Nissan attacked for one of ‘nastiest anti-union campaigns’ in modern US history

The Historic March on Mississippi in 2017 (AP)

With the historic union election at Nissan set for this Thursday and Friday, Payday Senior Labor Reporter Mike Elk filed this dispatch for The Guardian:

Nissan has responded with fierce opposition. The company has blitzed local TV with anti-union ads and stands accused of both threatening and bribing workers to vote no. It requires workers to regularly attend anti-union roundtable group meetings as well as one-on-one meetings with their direct supervisors, some of whom have worn “vote no” T-shirts to work.

The Republican governor, Phil Bryant, has also come out hard for Nissan. “If you want to take away your job, if you want to end manufacturing as we know it in Mississippi, just start expanding unions,” Bryant said last week. 

Washad Catchings, a Nissan worker, said: “There is no atmosphere of free choice in the Canton plant, just fear, which is what Nissan intends.”

Late Friday, the National Labor Relations Board (NLRB), the independent US government agency responsible for enforcing US labor law, filed the latest in a series of complaints against Nissan.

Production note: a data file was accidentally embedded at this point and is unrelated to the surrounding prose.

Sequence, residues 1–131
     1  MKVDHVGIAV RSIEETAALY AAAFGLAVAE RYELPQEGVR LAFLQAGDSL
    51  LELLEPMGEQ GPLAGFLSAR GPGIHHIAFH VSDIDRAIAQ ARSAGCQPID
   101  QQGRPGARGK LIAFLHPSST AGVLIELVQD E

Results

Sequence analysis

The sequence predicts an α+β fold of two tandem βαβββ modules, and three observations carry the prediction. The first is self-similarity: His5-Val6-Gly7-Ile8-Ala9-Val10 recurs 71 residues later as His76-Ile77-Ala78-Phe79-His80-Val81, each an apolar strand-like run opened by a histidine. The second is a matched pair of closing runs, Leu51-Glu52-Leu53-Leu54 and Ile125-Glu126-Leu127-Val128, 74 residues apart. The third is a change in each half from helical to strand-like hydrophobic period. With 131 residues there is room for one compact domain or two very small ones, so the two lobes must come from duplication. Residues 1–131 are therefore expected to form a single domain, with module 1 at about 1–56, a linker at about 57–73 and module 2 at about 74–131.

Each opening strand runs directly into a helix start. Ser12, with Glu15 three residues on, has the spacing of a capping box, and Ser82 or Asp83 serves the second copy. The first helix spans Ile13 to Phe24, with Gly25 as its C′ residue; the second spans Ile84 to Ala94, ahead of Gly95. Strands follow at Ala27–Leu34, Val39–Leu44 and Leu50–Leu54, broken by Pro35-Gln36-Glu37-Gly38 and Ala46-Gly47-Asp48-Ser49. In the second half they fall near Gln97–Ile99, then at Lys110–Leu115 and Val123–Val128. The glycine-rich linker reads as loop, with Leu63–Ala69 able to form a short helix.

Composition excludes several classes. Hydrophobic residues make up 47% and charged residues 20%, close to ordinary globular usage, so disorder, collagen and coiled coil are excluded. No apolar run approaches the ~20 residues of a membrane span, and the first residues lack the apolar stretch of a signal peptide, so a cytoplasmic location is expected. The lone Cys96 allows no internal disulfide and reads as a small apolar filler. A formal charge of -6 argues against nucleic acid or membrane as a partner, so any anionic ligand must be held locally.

The NLRB alleged that Nissan had violated the law in these anti-union sessions by warning that workers would lose wages and benefits if they supported the union.

The NLRB also found that a supervisor at the plant told workers that if they spoke out against the union, he would personally ensure that they received increased wages and benefits.

Go to The Guardian to read the full story.

 

About the Author

Mike Elk
A protege of the late William Greider, Mike Elk is a yinzer labor reporter, who covered the drug war in Brasil and spent years covering union organizing in the South for the Guardian. In 2016, he used his $70,000 NLRB settlement from being fired in the union drive at Politico to start the crowd-funded Payday Report while living in Chattanooga. The son of United Electrical Workers (UE) Director of Organization Gene Elk, he now lives in his hometown of Pittsburgh. Melk@PaydayReport.com

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